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#1 Bill Totolo

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Posted 02 September 2007 - 06:36 PM

Shot on the HVX200 480/24P letterbox.

Tons of compression: saved as H.264, frame grabbed as a tiff, imported into photoshop, converted to jpeg. Minor adjustments to color and sharpness.

This is JEL, from Anticon, for a promo piece I shot for Low End Theory:

Posted Image

Welcome critique of lighting f/g, b/g, subject, framing, etc...

Thank you,
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#2 Alex Fuchs

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Posted 02 September 2007 - 06:52 PM

Hi Bill,
why this tons of compression? This makes no sense for me, but whatever. The frame seems to be a little bit squeezed to me or? I think framing and lightning is a matter of taste, so it looks ok. The reflection on the left side (background) isn't so sweet. I like the kicker from the right, but I prefer harsher contrasts so I may would put the key light down a little bit. Maybe I had dimmed the light on the door too, because so the view is focused on the door and the tags on the door first, then on the guy. But this is just my opinion. Go for it.
Cheers,
Alex
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#3 Bill Totolo

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Posted 02 September 2007 - 10:30 PM

Thanks for the feedback. I certainly appreciate the collective insight.

The director studied with the F64 club and has a very creative/non-traditional eye. I have an arri 650 fresnel in the b/g (upper right hand corner) w/ xsmall chimera and gel lighting the door and acting as a 3/4 back on the subject. We wanted to let the f/g go under.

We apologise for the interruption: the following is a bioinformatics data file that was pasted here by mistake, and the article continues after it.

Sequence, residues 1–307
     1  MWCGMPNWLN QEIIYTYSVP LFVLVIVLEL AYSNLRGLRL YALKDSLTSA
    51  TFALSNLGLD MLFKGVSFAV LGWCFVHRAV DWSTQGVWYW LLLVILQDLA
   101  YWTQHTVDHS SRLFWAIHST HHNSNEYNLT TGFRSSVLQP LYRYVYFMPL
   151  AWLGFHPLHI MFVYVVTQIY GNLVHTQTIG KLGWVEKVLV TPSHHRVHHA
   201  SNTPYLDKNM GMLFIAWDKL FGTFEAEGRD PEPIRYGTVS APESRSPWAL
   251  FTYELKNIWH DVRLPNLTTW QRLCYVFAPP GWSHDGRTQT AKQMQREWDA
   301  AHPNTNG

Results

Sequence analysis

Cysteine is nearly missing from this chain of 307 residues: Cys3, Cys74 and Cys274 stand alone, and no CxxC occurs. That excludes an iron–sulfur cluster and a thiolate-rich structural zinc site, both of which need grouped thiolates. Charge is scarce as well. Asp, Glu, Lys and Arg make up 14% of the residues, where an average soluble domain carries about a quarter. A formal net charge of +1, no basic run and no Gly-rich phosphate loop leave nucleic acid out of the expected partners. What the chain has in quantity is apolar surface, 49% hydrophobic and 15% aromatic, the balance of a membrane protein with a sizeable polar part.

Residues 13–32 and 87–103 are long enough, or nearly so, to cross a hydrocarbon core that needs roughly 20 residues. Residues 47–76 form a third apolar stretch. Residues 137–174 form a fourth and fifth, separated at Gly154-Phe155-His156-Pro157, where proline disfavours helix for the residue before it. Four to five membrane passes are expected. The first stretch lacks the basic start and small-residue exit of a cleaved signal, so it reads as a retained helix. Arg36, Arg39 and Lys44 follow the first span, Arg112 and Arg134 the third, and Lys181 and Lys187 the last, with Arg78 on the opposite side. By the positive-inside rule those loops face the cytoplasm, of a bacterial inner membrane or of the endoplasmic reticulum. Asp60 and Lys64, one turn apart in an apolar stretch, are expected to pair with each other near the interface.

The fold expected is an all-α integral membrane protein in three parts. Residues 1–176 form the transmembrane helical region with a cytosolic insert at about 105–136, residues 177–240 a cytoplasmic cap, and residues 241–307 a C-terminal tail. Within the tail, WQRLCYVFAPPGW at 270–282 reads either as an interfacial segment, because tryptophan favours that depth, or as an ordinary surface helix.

I asked the subject to step back but the director was willing to take a hit in sharpness for the framing.

Posted Image

In hindsight I would have taken out the full CTO from the litepanel on the camera and only gone with 1/2 correction.

Thanks for your feedback, no better way to learn.
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#4 Cole Webley

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Posted 06 September 2007 - 02:32 AM

I think if i were lighting this gentleman I would have wrapped the backlight around the front of his face a bit more (making it a key light) and then left the fill where you have it. Just a suggestion. BG looks good - always important to through some light back there (in most cases) to seperate your layers, and actor from other elements.

Good luck.
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#5 Chris Keth

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Posted 06 September 2007 - 03:14 PM

The BG looks to lit to me. It's because you have a square of light. Where in real life does a square of light come from? I think it would help the shot greatly if you just rotated the barndoors on that light 45 degrees or so and made it look like a more irregular shape.
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#6 Bill Totolo

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Posted 06 September 2007 - 06:38 PM

The BG looks to lit to me. It's because you have a square of light. Where in real life does a square of light come from?


Interesting observation, Chris. I'll have to ponder that one. I like all your evaluations, very technical and specific. Much appreciated.
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#7 Ram Shani

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Posted 15 September 2007 - 08:53 AM

hi

i don't like the way you use your back light

first it hit the nose not so pretty

then you have hot spot on the forehead so it look like small light (650 or dedo)

and most important thing is that i think it came from the wrong side it should be on the dark side separate from bg that's why for the first time i look at the pic i thought he is standing very close to the door

for me i also don't like the under exposed face with the use of frontal hard light i think soft /bounce light will give more real felling

maybe a little from the top like a lamp for the ceiling :D

Edited by Ram Shani, 15 September 2007 - 08:54 AM.

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